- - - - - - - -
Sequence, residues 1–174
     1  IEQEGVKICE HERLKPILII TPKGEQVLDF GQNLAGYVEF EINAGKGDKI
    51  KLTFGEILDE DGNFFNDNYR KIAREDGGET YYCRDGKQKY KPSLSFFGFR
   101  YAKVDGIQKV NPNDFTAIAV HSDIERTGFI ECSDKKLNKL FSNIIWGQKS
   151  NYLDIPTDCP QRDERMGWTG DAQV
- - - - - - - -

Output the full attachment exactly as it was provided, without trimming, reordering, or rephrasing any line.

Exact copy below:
Sequence, residues 1–174
     1  IEQEGVKICE HERLKPILII TPKGEQVLDF GQNLAGYVEF EINAGKGDKI
    51  KLTFGEILDE DGNFFNDNYR KIAREDGGET YYCRDGKQKY KPSLSFFGFR
   101  YAKVDGIQKV NPNDFTAIAV HSDIERTGFI ECSDKKLNKL FSNIIWGQKS
   151  NYLDIPTDCP QRDERMGWTG DAQV